Firing Right — Part 3
Whether you are firing an employee for non-performance or for conduct-related issues, you need to be aware of the legal issues surrounding termination.
By Denise L. Rondini, Executive Editor
The good news for most truck dealers when it comes to terminating an employee is that absent a contract of employment for a defined period of time, or restricting the reasons they can be terminated and barring union affiliation, most employees working in truck dealers are employed at will.
“This means the employment relationship can be terminated by the employer or the employee with or without notice for any reason or for no reason,” says Chris Durham, attorney with Duane Morris.
However, there are a number of laws that govern employee termination that you need to keep in mind. The most important ones are: anti-discrimination laws, anti-retaliation laws and whistle-blower laws and national labor relations laws, Durham says.
Anti-discrimination laws can be found at the federal, state and sometimes even at the local level. These laws prohibit employers from discriminating against employees on the basis of the employee’s membership in a protected class.
“Protected classes at the federal level include race, gender, religion and national origin under Title 7,” Durham says. Age discrimination is prohibited under the Age Discrimination Employment Act, disability under the Americans With Disabilities Act, military status under the Uniform Service Employment & Re-Employment Rights Act and genetic information under the Genetic Information Non-Discrimination Act.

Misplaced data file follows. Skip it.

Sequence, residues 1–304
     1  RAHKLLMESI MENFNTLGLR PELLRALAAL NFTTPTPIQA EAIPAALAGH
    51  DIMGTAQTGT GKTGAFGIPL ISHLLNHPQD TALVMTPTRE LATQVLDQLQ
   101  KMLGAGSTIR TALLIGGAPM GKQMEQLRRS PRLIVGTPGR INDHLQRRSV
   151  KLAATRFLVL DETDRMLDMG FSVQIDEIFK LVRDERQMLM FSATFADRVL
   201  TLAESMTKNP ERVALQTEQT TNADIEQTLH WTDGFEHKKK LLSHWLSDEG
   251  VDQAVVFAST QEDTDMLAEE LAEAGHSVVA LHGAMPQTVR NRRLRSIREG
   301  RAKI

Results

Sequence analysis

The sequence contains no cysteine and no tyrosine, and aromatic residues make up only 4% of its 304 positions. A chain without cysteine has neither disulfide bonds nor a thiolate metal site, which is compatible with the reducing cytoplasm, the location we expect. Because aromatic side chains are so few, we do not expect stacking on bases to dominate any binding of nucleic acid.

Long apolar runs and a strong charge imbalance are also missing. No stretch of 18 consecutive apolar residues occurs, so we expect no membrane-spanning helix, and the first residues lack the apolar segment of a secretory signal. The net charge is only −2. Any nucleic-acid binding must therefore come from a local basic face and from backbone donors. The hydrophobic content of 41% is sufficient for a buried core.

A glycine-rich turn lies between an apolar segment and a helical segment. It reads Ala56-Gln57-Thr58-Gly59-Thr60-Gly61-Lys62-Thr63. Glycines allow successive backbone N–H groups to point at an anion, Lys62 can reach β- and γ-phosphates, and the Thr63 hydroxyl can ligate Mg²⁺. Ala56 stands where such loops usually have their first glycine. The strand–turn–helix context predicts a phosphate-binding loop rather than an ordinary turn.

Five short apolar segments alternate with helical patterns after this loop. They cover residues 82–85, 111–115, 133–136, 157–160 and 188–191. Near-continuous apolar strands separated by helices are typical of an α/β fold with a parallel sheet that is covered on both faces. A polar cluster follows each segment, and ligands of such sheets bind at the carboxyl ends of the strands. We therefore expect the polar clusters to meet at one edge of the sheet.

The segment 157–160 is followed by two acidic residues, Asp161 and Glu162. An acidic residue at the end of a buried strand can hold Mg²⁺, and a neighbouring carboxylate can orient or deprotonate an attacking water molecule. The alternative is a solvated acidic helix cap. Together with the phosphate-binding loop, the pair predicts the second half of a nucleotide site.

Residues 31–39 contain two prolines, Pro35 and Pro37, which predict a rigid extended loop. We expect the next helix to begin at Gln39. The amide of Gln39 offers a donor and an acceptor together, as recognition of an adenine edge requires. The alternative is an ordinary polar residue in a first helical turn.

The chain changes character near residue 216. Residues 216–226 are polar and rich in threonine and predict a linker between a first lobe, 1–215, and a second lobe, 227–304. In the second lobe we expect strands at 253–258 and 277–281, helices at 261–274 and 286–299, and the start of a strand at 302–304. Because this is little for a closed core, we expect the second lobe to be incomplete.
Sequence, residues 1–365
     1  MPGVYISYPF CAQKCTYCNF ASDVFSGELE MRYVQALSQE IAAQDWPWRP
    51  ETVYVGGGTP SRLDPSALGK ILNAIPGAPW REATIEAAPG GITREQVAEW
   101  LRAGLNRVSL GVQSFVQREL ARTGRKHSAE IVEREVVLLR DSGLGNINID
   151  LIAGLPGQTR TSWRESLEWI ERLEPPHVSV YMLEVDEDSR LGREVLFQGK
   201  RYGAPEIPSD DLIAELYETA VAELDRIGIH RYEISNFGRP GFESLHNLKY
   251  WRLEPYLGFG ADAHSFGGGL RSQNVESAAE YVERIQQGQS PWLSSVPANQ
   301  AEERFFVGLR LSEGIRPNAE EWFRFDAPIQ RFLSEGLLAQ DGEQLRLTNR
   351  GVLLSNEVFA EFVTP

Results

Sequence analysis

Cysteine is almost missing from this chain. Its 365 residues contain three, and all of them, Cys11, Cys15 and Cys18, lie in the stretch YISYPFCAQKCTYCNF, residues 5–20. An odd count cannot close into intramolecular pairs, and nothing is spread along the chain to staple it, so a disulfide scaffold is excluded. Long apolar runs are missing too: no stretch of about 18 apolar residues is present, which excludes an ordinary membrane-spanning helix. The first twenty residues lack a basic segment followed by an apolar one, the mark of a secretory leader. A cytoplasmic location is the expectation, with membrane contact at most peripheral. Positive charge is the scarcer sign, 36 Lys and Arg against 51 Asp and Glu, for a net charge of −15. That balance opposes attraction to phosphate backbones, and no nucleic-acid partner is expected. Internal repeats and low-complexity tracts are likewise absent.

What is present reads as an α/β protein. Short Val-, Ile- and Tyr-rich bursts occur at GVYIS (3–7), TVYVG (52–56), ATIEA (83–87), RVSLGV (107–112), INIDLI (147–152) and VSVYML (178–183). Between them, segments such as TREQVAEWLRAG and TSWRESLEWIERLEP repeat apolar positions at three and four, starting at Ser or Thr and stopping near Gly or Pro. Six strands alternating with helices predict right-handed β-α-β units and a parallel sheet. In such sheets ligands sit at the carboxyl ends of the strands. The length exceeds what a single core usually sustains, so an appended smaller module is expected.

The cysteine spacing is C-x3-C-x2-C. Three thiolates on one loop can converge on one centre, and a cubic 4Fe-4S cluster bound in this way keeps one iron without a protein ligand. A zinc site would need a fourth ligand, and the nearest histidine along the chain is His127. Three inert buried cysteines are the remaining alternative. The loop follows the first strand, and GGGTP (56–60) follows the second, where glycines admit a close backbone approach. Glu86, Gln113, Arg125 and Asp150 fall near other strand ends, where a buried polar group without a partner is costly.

“Some states and localities provide even greater protection for employees, protecting them from discrimination, for example, on the basis of sexual orientation or gender identity,” Durham says.
“Dealers need to be aware of these restrictions on their ability to take action against employees to protect themselves against discrimination claims and ensure compliance with the law,” he adds.
Two things dealers can do to ensure they do not run afoul of these laws is to publish and enforce anti-discrimination, anti-harassment and equal employment opportunity policies and also to ensure that managers — and where appropriate employees — are periodically trained on these subjects.
“The second category is anti-retaliation and whistle-blower laws,” Durham says. “These laws prohibit terminating or taking adverse action against an employee because he has engaged in conduct opposing an employer’s less than lawful activity.”
Many of the anti-discrimination laws also have an anti-retaliation component to them. “For example, Title 7 prohibits an employer from terminating and employee because the employee filed a complaint of race discrimination or sexual harassment,” he says.
Whistle-blower laws have a similar concept. Most of these laws are at the state level and prohibit employers from taking action against employees because they have complained or alleged unlawful activity. For example, a technician complains to dealership management that his supervisor was signing off on repair jobs or allowing the sale of trucks that failed to pass certain inspections required by law, would be protected by whistle-blower laws, Durham explains.
“Similarly, an accounts receivable clerk who makes allegations to state authorities regarding accounting improprieties also would be protected under many state whistle-blower laws.”
Just as with anti-discrimination laws, it is important for dealers to ensure that company policy clearly prohibits retaliation against employees for making complaints or engaging in other activities protected by law.